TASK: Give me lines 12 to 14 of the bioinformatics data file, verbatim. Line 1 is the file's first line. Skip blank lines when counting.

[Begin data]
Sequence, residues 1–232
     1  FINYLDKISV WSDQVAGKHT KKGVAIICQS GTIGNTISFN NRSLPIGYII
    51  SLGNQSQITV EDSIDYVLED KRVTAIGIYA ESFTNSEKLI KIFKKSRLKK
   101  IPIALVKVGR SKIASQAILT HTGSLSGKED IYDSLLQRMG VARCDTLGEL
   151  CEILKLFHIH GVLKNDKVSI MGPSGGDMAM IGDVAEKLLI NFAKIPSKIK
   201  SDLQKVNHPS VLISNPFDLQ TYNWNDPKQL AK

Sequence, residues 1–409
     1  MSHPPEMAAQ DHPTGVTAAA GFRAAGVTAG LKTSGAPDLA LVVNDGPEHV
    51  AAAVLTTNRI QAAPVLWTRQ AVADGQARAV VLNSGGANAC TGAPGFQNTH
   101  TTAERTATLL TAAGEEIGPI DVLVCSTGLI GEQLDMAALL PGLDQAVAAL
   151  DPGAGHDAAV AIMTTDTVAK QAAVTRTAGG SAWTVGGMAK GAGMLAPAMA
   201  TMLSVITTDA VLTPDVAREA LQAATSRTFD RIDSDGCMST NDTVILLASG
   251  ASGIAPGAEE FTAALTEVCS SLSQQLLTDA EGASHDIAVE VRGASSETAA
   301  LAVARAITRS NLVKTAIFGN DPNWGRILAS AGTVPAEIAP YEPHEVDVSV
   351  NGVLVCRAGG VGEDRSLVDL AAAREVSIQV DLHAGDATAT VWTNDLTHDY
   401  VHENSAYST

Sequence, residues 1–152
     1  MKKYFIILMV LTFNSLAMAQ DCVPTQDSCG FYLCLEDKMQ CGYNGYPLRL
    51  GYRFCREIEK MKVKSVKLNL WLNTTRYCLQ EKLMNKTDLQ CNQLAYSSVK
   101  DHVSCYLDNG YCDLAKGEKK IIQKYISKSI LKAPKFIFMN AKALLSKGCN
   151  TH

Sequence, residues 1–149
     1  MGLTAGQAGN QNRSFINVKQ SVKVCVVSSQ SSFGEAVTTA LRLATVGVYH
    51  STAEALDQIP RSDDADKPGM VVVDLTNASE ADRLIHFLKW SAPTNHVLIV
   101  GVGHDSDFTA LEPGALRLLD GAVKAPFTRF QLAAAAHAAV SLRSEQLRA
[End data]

   201  TMLSVITTDA VLTPDVAREA LQAATSRTFD RIDSDGCMST NDTVILLASG
   251  ASGIAPGAEE FTAALTEVCS SLSQQLLTDA EGASHDIAVE VRGASSETAA
   301  LAVARAITRS NLVKTAIFGN DPNWGRILAS AGTVPAEIAP YEPHEVDVSV